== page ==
Hello could you possibly post a photograph to better see your landscaped situation and area of concern?
Having a visual might be helpful to be able to offer the best guidance .....to a help find the best suggestions or potential solution for your problem.
When an overwhelming situation presents sometimes tackling projects in stages can help. Whether weeds, overgrown trees/shrubs or overgrown brush- a targeted in a solution plan in a systemic way might be helpful. Again —a photograph might help us develop a plan for your project.
Sometimes the use of native plants to establish landscaping can be beneficial. Avoiding use of invasive plants might be important.
Additionally for the best local professional advice
I would highly suggest contacting your cooperative extension. These offices are manned by volunteer master gardeners on site there waiting to answer the communities questions that know your local situation quite well.
Master gardeners are required to volunteer back designated hours ( plus continuing education) each year to maintain MG certification -this community outreach and education is their goal.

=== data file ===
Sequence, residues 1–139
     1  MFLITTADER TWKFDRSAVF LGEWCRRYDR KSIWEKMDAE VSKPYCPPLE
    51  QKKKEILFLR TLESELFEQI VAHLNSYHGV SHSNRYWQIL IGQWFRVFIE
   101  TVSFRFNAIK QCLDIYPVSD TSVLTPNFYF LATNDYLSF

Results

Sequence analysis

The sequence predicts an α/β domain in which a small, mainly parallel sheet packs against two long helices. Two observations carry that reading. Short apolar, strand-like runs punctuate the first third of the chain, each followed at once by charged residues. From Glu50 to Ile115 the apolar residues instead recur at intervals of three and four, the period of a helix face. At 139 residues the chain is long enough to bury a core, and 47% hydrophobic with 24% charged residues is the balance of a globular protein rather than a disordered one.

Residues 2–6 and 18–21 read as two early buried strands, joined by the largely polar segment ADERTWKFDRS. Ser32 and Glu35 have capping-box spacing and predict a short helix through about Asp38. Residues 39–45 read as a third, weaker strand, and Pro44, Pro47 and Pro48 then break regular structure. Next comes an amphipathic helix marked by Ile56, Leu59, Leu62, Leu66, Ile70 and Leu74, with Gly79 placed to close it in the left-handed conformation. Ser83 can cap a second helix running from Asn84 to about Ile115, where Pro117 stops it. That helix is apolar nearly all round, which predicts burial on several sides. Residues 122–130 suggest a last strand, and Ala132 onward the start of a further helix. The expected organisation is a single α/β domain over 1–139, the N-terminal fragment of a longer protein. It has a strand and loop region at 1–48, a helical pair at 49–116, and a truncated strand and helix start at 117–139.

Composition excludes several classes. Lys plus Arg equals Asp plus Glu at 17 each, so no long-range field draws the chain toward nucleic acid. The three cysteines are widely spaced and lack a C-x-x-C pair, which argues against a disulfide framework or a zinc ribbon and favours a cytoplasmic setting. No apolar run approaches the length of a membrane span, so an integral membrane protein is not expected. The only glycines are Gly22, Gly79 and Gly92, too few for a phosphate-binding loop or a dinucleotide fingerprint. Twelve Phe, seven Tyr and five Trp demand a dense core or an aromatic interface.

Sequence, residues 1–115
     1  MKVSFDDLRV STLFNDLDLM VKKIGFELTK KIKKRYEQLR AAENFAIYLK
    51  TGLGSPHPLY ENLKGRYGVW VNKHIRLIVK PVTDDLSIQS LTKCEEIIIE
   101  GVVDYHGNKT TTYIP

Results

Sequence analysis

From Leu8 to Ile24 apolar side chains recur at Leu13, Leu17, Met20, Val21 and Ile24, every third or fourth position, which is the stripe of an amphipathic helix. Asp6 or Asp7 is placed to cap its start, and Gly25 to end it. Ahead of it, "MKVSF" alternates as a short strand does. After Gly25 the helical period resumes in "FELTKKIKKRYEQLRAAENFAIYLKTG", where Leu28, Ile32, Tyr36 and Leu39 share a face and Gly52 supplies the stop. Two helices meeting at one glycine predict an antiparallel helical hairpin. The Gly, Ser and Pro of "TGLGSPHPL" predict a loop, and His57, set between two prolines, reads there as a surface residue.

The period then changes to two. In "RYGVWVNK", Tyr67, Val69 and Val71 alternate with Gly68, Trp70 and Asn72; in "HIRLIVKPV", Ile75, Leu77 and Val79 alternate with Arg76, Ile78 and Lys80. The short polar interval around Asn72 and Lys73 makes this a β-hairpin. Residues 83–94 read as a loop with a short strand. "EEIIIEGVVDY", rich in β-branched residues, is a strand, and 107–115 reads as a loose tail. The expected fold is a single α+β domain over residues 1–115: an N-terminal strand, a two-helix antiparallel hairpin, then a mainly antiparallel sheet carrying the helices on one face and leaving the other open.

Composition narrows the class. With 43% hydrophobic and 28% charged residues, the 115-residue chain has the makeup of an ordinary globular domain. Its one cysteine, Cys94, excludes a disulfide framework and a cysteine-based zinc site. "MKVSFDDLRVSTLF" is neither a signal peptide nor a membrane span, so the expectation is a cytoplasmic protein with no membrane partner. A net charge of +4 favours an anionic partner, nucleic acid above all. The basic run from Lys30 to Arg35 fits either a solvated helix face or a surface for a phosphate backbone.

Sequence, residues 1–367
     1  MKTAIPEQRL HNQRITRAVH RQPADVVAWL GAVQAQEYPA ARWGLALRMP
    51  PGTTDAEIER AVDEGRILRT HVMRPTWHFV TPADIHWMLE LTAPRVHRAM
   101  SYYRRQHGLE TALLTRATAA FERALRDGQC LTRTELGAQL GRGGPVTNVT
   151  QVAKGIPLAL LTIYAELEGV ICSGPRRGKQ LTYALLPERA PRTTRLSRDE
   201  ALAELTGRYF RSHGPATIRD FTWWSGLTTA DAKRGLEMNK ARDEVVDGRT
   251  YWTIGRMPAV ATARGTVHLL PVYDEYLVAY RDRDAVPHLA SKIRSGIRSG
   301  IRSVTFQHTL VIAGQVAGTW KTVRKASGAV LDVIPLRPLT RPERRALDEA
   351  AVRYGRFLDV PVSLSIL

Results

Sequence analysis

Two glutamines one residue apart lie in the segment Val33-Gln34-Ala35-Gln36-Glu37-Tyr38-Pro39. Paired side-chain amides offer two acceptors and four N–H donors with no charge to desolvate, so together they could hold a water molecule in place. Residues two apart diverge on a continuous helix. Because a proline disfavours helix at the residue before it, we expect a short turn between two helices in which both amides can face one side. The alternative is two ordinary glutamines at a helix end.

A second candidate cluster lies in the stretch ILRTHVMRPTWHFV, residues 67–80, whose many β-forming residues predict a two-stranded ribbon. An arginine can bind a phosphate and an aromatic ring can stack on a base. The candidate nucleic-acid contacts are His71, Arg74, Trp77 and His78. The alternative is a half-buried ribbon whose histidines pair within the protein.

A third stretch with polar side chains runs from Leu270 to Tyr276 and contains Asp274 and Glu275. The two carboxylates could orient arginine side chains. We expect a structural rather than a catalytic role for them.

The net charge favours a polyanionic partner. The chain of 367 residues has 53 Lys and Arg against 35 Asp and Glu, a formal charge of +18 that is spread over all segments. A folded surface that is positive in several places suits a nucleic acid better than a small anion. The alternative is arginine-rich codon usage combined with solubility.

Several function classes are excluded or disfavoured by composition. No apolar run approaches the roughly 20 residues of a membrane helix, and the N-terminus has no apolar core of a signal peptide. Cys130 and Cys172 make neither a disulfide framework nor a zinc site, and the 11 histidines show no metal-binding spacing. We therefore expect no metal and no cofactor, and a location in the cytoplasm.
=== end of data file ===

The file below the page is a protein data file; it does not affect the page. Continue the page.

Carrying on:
Best wishes in your landscaping adventures!
Hi Allison. I often find that the biggest hurdle you need to conquer is not seeing the "out of control" area as a HUGE "out of control area". Tackle on space at a time. Here's a lovely tutorial that will help you tacle it - https://blog.fantasticservices.com/how-to-clear-overgrown-garden/
Hard work for a start! The area has to be cleared and weed proofed before you can do anything. My landscaper weeeded and then laid down some material to prevent weed regrowth. That was just the beginning!!
How large is this natural area? You can always edge it with a shovel and try to keep everything contained. Or use bricks and decorative stone edging. If there are trees and bushes, use a trimmer to keep them under control. Mulch will help the grassy areas.
Use hot water and vinegar for a weed killer.
I have used Boiling hot water with epsom salt or rock salt with vinegar and it does work.
Depending on how big and what you want to do with it after, mow it all down then lay black plastic on top, weighted down. That will kill anything underneath. Takes a few weeks but then makes it easier to roto till.
I get out there with my weed whacker, pruning shears, and a garbage can with contractor bags to remove the debri.
It sounds like there is overgrowth that is taking over. To start with clear out what you can most easily get to and keep cutting, bagging, and composting )if possible). Have the right tools for the job and protective clothing. This is a small start and as you progress, it becomes more manageable as you make headway. See if you can get some help for this project, that will take some of the burden off you. There might be some teens who would like to earn some money.